The Truth Behind the Mysterious Koliba Park in Mississauga
Have you ever wondered about a little gated community in the Streetsville area? The fenced off camp has been the subject of rumours for years and was even given the derogatory nickname “Midgetville” on Wikipedia.
Well, I recently got the opportunity to explore the park after being called out on my description of the area in an earlier article.
We issued a retraction, but thankfully the owners of the property invited us to the Doors Open Ontario - Mississauga this past weekend—an event where various locations across Mississauga are open to the public free of charge. I’m glad I had the opportunity to set the record straight and report what this gated area really is. Essentially, it’s actually a little piece of Slovak culture right in the heart of Mississauga.
According to Georgia Volker, one of the volunteers who helps maintain the property, and Anna Zapletal, the president of the Slovak Canadian Cultural Society, Koliba Park (as it is currently called), located at the end of Barbertown Road from the entrance on Eglinton Avenue, was purchased in 1945 by three Slovakian farmers returning to Canada around the end of WWII. Since 1945 was long before Mississauga was the modern city it is today, the property was once surrounded by abundant tracts of farmland (the farmers purchased approximately 10 acres). As the vast lands around the park were developed and built out over the years, this quaint little piece of land managed to retain its traditional Slovakian characteristics.
Koliba is a Slovak word meaning “Shepherd’s Hut,” and the park just celebrated its 70th anniversary, according to Zapletal. Koliba Park hosts five main events every year that are open to the public that run from May to October:
Opening Banquet (1st Saturday of May)
This is primarily the beginning of the season for the park as they open with a large banquet.
Slovak Canada Day picnic
A picnic around the end of June
The ‘JARMOK’ (pronounced Yar-mok)
This is a rummage sale that is held in mainly the Koliba Hall
The ‘Bravcove Hody’
According to Volker, this event is basically a sausage festival where a variety of traditional Slovakian sausage is cooked and served. It sounds like a great culinary adventure, if you ask me.
And of course, they participate in Doors Open Ontario. When I was there, there were plenty of visitors that came and went. Mississauga City Councillor Ron Starr also stopped by as well (the park is located in Councillor Starr’s ward). In fact, inside Koliba Hall they have a certificate given by the councillor recognizing their 70th anniversary.
So what else goes on at Koliba Park? According to Volker, besides the five main events that I just listed, the park is used for a multitude of things: Bulgarian dance troupes, Polish communities, and Slovak churches rent it out for their services. Councillor Starr mused when I saw him that Mississauga should have something akin to the Parade of Nations you see at the Olympics where representative from all cultures have a massive parade; it would be like the Canada Day parade on Yonge Street, except in Mississauga. Maybe the Carassauga people should think about a new way to promote a festival of cultures (of which Mississauga has in abundance) in a different format?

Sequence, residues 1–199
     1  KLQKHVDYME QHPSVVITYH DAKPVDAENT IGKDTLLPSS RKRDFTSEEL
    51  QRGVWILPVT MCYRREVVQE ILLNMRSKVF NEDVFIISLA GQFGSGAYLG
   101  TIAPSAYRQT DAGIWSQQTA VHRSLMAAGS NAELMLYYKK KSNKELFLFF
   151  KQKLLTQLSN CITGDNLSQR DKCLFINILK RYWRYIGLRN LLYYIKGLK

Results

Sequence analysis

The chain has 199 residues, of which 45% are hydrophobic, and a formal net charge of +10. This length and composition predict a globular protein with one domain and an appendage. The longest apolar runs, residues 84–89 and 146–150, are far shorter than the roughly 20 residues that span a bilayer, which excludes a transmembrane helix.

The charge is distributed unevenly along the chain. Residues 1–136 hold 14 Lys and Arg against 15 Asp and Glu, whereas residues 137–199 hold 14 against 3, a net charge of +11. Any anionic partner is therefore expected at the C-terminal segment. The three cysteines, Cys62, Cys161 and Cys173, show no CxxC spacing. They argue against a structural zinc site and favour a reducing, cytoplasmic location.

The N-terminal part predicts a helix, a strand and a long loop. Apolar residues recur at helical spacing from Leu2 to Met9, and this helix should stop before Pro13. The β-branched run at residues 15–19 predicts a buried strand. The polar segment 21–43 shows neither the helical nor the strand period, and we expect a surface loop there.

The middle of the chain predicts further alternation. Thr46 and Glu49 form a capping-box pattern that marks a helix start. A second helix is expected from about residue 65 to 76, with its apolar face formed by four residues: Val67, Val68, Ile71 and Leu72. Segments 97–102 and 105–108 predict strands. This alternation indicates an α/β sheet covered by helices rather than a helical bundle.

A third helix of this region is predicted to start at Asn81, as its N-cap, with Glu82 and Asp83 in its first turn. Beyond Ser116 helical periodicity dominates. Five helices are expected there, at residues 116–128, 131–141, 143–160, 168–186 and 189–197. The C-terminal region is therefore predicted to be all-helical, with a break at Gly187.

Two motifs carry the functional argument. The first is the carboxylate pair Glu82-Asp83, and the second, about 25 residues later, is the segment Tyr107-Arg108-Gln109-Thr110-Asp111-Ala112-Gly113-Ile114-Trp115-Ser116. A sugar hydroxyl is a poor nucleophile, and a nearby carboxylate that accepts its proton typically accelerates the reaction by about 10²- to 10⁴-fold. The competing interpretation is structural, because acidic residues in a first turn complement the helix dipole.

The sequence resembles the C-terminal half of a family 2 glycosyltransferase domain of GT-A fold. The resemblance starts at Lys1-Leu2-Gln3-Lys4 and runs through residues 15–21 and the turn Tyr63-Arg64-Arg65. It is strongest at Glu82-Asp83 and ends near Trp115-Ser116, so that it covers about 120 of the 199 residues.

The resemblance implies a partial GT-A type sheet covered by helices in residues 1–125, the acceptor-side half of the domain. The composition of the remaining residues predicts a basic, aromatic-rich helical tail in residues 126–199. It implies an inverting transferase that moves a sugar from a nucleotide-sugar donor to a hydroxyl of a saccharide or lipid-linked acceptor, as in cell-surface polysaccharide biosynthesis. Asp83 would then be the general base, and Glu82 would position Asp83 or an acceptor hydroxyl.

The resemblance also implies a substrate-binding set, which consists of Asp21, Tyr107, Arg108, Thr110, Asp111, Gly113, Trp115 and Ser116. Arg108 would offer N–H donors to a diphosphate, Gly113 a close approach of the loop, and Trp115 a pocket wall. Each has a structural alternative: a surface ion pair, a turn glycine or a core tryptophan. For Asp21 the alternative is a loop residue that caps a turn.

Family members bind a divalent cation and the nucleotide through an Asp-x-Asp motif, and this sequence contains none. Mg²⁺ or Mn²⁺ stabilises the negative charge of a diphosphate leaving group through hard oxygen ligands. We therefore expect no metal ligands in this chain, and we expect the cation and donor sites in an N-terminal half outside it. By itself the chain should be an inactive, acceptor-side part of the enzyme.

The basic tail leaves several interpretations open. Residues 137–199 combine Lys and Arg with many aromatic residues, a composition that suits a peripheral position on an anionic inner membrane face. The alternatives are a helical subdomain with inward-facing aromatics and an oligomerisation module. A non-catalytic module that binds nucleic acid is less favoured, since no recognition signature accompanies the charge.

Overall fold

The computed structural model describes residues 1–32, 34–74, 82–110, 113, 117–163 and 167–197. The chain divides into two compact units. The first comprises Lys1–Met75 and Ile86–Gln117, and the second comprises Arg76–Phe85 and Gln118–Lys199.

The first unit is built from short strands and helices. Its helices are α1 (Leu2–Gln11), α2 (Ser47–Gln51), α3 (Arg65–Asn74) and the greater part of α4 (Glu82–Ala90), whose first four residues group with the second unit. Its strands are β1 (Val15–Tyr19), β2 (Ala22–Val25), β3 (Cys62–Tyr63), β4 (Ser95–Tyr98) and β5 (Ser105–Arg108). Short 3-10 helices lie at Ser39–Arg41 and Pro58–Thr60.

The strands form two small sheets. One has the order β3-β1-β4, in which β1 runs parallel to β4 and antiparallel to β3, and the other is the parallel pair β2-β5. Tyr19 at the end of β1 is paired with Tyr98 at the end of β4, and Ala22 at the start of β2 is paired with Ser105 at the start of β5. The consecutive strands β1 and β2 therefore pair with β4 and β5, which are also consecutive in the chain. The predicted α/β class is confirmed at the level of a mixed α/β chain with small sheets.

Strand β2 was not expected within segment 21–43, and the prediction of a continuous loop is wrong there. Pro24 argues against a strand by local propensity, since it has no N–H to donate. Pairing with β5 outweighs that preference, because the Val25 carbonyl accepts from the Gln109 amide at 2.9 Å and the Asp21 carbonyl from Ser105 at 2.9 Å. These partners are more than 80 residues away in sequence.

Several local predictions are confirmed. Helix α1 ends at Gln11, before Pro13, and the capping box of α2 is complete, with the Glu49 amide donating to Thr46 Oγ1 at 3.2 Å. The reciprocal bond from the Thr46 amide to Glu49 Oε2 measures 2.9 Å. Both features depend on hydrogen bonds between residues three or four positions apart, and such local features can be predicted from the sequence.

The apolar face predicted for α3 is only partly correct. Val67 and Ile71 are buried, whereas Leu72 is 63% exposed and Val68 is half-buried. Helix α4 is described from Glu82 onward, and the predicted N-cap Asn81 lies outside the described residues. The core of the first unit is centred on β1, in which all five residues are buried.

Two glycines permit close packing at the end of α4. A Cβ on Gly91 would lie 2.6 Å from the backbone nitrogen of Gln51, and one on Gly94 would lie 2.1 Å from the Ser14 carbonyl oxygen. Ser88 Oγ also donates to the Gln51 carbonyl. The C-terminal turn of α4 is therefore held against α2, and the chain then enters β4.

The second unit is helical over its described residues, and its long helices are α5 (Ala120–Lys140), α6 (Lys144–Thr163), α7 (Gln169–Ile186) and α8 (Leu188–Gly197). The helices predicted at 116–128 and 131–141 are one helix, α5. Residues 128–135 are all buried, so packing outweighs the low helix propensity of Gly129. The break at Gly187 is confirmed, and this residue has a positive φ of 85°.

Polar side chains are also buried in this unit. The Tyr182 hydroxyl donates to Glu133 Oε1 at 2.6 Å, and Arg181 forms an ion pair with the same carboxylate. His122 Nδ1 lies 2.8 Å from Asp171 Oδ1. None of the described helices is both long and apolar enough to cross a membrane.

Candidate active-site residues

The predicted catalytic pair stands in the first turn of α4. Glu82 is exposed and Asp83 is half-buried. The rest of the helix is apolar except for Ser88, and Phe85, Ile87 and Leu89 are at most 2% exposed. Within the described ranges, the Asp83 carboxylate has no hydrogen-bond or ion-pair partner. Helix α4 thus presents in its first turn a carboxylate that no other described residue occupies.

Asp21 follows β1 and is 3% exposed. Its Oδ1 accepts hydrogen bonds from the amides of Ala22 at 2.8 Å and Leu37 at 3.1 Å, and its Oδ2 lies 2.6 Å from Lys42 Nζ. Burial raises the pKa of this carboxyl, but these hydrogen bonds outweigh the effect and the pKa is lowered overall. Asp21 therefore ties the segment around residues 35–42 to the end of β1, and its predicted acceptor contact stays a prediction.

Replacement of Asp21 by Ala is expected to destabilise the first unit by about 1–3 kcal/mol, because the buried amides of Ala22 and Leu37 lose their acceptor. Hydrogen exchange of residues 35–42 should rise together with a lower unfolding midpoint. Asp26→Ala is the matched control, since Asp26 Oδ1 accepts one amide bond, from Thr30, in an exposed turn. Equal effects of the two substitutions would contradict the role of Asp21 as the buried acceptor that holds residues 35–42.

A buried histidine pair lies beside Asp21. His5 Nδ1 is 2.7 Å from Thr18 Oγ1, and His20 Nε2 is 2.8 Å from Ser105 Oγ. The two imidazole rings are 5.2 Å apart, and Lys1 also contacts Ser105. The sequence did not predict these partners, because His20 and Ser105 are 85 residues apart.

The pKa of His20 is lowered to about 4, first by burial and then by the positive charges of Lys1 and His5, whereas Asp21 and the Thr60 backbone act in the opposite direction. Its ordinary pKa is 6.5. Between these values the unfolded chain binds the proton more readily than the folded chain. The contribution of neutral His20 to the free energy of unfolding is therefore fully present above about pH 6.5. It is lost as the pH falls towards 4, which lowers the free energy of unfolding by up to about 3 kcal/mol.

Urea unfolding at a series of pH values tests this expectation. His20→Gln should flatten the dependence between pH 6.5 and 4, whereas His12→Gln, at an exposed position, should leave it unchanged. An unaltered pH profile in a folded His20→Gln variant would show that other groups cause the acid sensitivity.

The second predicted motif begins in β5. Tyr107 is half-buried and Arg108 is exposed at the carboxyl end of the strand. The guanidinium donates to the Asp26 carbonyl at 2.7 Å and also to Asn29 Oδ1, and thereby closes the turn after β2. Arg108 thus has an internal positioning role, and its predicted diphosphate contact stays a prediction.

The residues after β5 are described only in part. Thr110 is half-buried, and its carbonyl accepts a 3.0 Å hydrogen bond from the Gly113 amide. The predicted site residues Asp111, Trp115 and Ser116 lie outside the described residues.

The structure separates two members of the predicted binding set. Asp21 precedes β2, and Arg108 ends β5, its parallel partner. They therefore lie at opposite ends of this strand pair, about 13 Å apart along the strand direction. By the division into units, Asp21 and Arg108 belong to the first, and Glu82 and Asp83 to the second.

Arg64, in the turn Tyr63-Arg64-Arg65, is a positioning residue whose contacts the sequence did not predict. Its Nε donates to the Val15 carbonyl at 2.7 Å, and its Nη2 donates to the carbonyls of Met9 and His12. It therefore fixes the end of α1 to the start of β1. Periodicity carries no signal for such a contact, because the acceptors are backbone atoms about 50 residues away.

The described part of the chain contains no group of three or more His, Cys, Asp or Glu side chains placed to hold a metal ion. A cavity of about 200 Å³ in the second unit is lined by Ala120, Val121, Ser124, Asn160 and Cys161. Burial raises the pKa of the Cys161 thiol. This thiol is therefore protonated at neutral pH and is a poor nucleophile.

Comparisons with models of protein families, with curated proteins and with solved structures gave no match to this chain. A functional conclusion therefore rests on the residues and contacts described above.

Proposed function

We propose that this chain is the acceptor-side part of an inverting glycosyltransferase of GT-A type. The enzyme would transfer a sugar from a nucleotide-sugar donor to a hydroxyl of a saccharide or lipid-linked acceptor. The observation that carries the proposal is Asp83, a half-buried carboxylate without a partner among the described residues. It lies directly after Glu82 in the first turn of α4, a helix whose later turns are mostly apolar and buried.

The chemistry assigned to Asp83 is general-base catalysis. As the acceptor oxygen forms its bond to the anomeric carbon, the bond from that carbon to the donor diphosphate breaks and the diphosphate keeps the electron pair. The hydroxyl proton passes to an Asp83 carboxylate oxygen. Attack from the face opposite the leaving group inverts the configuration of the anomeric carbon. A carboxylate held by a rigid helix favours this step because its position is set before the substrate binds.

In general, I think Koliba Park is an example of keeping the Slovak culture alive in Canada; a way for one generation to pass their knowledge onto their children and grandchildren. Sadly, Koliba has struggled with getting more volunteers to help, particularly young people of Slovak descent. The property is quite old and maintaining it has been a challenge, and because of the persistent rumours of what it is, some vandalism has occurred (hence the locked gates).
There is one more interesting thing to share about this place, and it’s not actually in Mississauga…
I was informed of an interesting link between Koliba Park and one of the few Slovak communities that were established in Canada. Another gentleman who works with the park, Rudy Bies, along with Zapletal, were raised in a small northern Ontario village called Bradlo. Right next to the Koliba Hall is a shop that houses traditional Slovak clothing, items and remnants of a settlement that was established in 1930 by 150 Slovak families just 11 km south of present-day Hearst, Ontario. Bradlo (in Slovakia) is actually the burial site of a general named Rastislav Stefanik, who died in a plane crash in 1919.
In fact, Bradlo is the only Slovak community in Canada that has a traditional Slovak name. In 1997, the Ontario Heritage Foundation put up a plaque in Hearst to recognize the community, and although nature has since reclaimed Bradlo (nothing more than trees and a few concession roads exist in the community today), Bies and Zapletal travel back up every year to recognize the community they were raised in. Bies even told me one year they went up with Milan Kollar, the Slovak Republic’s Ambassador to Canada. The physical place maybe gone, but the spirit of Bradlo remains.
I could go on and on about this place; I took history in university and the history of Canada has always fascinated me. It’s thinking about the families that emigrated and put down roots here that really opens your eyes to how different societies and cultures have contributed to the fabric of Canadian identity and how, in this generation, even more will contribute to that fabric.
Canada (and Mississauga) is such a rich, diverse place.